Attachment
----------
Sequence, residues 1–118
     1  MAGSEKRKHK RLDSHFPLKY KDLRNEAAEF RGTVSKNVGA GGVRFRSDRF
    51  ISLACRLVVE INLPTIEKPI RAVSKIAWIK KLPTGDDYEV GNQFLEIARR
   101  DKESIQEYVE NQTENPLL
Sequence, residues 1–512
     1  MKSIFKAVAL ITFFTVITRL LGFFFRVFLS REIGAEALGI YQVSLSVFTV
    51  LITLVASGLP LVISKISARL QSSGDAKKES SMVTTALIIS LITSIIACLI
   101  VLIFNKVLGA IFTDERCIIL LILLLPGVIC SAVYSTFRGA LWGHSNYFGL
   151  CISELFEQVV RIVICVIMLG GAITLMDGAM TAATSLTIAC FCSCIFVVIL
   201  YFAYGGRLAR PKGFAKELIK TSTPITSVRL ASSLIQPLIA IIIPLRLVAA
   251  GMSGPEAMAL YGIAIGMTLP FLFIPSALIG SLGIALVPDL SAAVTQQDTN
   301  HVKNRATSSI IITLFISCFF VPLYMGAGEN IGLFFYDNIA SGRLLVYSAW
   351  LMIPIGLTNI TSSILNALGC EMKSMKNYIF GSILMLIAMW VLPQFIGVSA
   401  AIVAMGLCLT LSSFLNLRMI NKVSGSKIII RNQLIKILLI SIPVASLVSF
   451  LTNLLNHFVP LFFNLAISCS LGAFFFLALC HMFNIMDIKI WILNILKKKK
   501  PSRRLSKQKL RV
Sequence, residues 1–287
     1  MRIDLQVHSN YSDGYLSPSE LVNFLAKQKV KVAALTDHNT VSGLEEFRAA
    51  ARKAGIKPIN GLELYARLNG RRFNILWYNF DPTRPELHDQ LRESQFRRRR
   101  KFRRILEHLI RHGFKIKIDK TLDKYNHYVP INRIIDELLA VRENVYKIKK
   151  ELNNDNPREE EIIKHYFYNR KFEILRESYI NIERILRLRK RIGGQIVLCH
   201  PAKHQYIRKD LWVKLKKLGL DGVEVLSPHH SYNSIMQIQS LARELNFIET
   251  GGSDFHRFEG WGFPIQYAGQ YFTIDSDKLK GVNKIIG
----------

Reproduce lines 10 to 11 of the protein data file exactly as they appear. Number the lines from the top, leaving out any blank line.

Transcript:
   201  YFAYGGRLAR PKGFAKELIK TSTPITSVRL ASSLIQPLIA IIIPLRLVAA
   251  GMSGPEAMAL YGIAIGMTLP FLFIPSALIG SLGIALVPDL SAAVTQQDTN